Ancient Chile Migration Mystery Tied to Drought

Hillary Mayell
for National Geographic News
October 24, 2002

Researchers studying prehistoric human migration patterns in northern Chile's Atacama Desert have concluded that a mysterious pattern of early occupation and abandonment of the region was related to climate change.

Humans first occupied the high-altitude desert, which extends from the Pacific Ocean to the base of the Andes, from around 13,000 to 9,500 years ago. The region was then more or less abandoned until around 4,500 years ago, when people began returning.

This occupation, abandonment, and recolonization pattern has long intrigued archaeologists. One possible explanation was that the region may have had an inhospitable environment. Or the pattern could simply reflect holes in the archaeological record or some cultural bias at the time.

By matching climate and archaeological records, the researchers concluded that environmental conditions—specifically, bouts of extreme drought—explain the unusual pattern.

An Archaeological Puzzle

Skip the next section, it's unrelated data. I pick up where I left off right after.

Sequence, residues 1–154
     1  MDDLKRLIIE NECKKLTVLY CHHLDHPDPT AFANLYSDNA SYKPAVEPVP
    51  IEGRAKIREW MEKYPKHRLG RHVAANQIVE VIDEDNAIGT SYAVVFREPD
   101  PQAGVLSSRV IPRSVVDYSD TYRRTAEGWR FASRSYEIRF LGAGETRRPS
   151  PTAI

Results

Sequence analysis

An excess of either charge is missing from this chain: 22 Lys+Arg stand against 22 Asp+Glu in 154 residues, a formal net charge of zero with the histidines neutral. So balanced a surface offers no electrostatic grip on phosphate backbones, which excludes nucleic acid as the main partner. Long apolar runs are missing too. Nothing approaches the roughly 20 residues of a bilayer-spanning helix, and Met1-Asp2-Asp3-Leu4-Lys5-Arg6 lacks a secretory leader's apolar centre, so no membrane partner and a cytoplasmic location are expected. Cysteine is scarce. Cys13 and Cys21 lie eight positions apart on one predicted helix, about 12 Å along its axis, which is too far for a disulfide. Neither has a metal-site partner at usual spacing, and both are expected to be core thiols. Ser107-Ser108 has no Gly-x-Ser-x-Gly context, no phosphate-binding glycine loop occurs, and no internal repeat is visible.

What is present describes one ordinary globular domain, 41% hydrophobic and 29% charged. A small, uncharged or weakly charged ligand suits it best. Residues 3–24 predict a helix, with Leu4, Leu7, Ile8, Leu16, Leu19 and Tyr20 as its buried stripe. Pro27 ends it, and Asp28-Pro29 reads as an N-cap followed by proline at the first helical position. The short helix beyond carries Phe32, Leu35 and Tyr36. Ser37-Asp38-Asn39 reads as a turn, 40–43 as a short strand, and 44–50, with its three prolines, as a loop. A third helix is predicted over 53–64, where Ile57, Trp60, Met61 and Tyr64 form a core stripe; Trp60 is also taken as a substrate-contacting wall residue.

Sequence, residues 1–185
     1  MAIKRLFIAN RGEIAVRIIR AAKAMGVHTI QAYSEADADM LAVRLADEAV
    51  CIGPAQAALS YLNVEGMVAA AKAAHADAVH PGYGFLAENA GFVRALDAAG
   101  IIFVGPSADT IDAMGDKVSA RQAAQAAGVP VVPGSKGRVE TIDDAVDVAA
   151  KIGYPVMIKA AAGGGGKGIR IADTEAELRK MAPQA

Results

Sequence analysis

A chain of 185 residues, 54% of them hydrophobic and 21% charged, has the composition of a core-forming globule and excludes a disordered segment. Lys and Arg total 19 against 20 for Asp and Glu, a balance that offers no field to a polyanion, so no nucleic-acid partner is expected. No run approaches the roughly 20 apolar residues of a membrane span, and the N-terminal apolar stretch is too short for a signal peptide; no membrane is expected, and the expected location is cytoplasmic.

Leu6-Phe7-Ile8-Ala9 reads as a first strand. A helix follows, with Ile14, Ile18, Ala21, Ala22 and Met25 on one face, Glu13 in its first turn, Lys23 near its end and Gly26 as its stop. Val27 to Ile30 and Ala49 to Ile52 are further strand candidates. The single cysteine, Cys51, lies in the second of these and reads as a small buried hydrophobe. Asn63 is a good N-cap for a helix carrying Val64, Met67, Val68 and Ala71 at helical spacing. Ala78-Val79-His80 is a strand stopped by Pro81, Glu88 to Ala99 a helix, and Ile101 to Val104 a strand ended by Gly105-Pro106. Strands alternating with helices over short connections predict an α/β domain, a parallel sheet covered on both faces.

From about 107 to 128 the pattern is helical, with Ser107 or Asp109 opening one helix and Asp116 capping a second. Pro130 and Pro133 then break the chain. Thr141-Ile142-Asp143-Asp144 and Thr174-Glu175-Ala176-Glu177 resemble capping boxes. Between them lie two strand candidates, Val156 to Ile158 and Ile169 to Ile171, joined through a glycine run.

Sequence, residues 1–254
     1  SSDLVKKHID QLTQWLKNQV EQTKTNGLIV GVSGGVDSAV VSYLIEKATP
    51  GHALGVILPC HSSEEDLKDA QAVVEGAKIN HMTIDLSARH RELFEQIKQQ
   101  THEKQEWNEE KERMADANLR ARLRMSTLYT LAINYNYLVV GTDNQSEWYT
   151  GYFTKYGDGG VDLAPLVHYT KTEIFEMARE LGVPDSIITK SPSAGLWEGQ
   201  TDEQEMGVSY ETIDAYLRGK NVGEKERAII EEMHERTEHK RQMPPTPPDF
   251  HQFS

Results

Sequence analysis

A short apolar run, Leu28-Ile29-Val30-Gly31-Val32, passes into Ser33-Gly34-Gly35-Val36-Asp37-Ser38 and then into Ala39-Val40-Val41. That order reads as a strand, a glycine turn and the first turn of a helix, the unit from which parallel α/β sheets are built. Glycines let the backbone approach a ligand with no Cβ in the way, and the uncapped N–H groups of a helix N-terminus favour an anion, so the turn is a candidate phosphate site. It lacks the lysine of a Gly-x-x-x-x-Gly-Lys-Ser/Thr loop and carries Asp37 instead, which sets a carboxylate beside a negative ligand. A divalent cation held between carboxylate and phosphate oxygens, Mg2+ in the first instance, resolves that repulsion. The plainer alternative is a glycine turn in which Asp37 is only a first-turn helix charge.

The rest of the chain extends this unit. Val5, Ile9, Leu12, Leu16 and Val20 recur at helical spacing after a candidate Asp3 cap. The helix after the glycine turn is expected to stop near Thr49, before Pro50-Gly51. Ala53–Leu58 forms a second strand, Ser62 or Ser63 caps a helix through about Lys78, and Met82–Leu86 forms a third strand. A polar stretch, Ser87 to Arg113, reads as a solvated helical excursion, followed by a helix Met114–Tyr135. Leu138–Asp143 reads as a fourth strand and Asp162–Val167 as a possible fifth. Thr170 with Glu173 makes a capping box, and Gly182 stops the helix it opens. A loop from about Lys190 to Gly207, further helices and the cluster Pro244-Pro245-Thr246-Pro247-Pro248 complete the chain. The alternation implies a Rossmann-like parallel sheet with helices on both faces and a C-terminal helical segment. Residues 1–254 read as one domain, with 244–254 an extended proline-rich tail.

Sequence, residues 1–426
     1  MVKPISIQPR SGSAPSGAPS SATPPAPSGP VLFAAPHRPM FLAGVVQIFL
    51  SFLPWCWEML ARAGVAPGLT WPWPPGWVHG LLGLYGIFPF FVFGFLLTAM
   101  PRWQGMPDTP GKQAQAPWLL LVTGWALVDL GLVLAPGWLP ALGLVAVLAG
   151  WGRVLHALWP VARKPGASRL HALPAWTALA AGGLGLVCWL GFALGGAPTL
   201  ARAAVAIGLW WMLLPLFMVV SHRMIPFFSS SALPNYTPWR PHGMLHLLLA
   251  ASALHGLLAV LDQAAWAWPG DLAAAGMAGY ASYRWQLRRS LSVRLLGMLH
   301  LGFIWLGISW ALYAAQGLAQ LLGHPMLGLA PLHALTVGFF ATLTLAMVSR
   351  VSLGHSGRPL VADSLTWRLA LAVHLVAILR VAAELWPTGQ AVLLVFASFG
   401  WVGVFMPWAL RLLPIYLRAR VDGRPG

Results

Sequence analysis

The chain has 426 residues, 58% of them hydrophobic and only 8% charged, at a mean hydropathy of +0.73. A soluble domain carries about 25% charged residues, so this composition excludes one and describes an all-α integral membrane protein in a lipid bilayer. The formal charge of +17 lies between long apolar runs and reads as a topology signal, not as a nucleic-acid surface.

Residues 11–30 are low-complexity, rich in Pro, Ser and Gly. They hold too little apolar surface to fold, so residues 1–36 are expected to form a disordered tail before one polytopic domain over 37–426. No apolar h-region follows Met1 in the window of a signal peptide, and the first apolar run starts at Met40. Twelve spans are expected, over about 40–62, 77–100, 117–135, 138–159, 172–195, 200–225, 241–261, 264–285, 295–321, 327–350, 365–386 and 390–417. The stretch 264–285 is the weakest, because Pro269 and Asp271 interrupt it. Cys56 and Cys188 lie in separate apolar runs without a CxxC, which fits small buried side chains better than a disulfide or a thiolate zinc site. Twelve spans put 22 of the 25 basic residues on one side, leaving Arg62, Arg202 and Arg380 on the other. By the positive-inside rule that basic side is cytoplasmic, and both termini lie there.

The team of two archaeologists and a geoscientist reached their conclusion based on their survey of archaeological sites at three elevations: the shorelines of paleo-lakes above 3,600 meters (12,000 feet); caves at elevations between 3,000 to 3,600 meters (12,000 to 9,800 feet); and low-altitude paleo-wetlands at 2,400 meters (7,900 feet).

To fill in the archaeological record—there was only one high-altitude campsite known to have been occupied between 13,000 to 9,500 years ago—the scientists adopted a somewhat novel interdisciplinary approach: They recreated the landscape that existed around 15,000 years ago.

"We first tried to reconstruct the paleo-environmental conditions in great detail," said Martin Grosjean, a geoscientist at Switzerland's climate research center at the University of Bern.

After identifying lake levels, shorelines, springs, and other geological formations, the researchers drew a map of ancient paleo-shorelines. From this they selected the most promising places where people are likely to have lived, then dug thousands of test pits.

"The first people arrived in small groups of extremely mobile hunters. They did not build houses, had no architecture of any kind," said Grosjean.

Taking the geo-scientific approach enabled the team to find 38 previously unknown high-altitude campsites that were occupied between 13,000 and 9,500 years ago.

"The sites are really small, absolutely unspectacular," he said. "The most we might find would be some obsidian flakes, maybe some small fireplaces, usually buried 2 to 5 centimeters [0.8 to 2 inches] below the surface. This is the only way you could find archaeological sites in such a large area."

Continued on Next Page >>


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